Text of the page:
Robert Frost's poems often relates to human misfortunes and fears, his response to the obstacles of life, and his acceptance of his burdens. His observations and natural details of his poems have symbolic significance, even reality beyond the observable physical universe. It is known that Robert Frost's best works were written in England. During 1916, Robert Frost, an English professor at Amherst College, encouraged his students to write out their thoughts creatively while he wrote "The Road Not Taken", one of his famous poems today. Judging from the title, tells us that the theme of this poem are about life and choices.
The first stanza of the poem reveals the uncertainty and difficulty in trying to make a decision while he regrets because he sees that there were "Two roads diverged in a yellow wood/ And sorry that I could not travel both" (1-2) He observes the two roads and sees that one of the roads was "
grassy and wanted wear" (8) while the other was just "
worn them really about the same" (10) depicts Frost's desire to not necessarily follow the others. "Yet knowing how way leads on to way, /I doubted if I should ever come back." (14-15) he decides that he wants to try something new and go down the path that no one took. Despite the lengths he goes to see where each road ends, he cannot see pass where the road stretches, also comparing to life choices; not knowing the future ahead of time.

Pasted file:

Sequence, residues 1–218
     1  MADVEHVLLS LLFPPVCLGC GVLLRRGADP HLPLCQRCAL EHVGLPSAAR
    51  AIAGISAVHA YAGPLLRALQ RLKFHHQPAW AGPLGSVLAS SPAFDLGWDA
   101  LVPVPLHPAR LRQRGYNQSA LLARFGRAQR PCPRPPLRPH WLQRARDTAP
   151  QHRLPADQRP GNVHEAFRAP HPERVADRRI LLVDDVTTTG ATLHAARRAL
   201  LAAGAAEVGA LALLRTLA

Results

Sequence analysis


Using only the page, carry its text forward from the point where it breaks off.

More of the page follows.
The last stanza connects to the first stanza of the poem where he regrets not taking the other road when "I shall be telling this with a sigh/ somewhere ages and ages hence" (16-17) Even though years later he wonder about what could of happened, he is content with his decision. "Two roads diverged in a wood, and I---/ I took the one less traveled by, / and that has made all the difference" (18-20) He realizes that the decision he made was the right choice because it made him the way he is.
In conclusion, Robert Frost's message to the readers is to look beyond what...
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